Saroj Kumar JhaWorld Bank Regional Director for Central AsiaRead full profile >>Ludmilla ButenkoCountry Manager for KazakhstanJean-Michel HappiCountry Manager for the Kyrgyz RepublicRead full pr... Show More +ofile >>Patricia Veevers-CarterCountry Manager for TajikistanRead full profile >>Agata PawlowskaLead Operations Officer for Central Asia, Country Manager for TurkmenistanRead full profile >>Country Manager for UzbekistanChristos KostopoulosProgram LeaderPoverty; Macro & Fiscal Management; Governance; Finance & Markets; Trade & CompetitivenessCentral AsiaRead full profile >> Laurent Debroux Program LeaderAgriculture; Energy & Extractives; Water; Environment & Natural Resources; Transport & ICTCentral AsiaRead full profile >>Naveed Hassan NaqviProgram LeaderSocial Protection and Labor; Education; Health, Nutrition and Population; Urban, Rural, and Social DevelopmentCentral AsiaRead full profile >> Nagaraju DuthaluriSenior Procurement SpecialistCentral AsiaRead full profile >> Show Less -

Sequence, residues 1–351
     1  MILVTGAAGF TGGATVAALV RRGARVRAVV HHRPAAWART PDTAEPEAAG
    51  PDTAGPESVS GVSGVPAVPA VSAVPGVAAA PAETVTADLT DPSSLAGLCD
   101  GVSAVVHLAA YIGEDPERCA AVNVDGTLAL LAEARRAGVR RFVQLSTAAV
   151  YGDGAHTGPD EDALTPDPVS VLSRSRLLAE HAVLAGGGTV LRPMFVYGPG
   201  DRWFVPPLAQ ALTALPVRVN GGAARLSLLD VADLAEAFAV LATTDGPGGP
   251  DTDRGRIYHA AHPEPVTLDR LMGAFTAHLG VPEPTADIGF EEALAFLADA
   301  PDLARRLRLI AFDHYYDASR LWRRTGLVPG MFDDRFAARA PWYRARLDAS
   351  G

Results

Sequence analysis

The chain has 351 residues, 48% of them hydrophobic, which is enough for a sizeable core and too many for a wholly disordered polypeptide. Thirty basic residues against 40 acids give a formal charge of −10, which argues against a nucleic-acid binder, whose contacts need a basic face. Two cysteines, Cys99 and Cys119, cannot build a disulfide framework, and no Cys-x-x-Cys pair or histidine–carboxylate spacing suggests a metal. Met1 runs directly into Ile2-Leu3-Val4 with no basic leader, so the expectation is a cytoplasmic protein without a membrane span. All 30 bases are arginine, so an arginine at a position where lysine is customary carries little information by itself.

With a potential energy crisis looming for countries in Europe and Central Asia (ECA), guidance and resources provided by these initiatives are particularly important for countries this region – ... Show More +one of the most energy intensive regions in the world. Technical losses during transmission amount to 13% and 15% in Ukraine and Macedonia, respectively, and are as high as 20% in Tajikistan. Poorly constructed buildings throughout the region provide low heating and increase energy consumption at schools, places of work, and homes. Furthermore, while the region accounts for just 12 percent of global greenhouse gas (GHG) emissions, this is twice the amount it should contribute, given its output. All of these factors contribute to an inadequate supply of affordable energy throughout the region – impacting households, especially poorer ones, in every country and prompting the need for action. Show Less -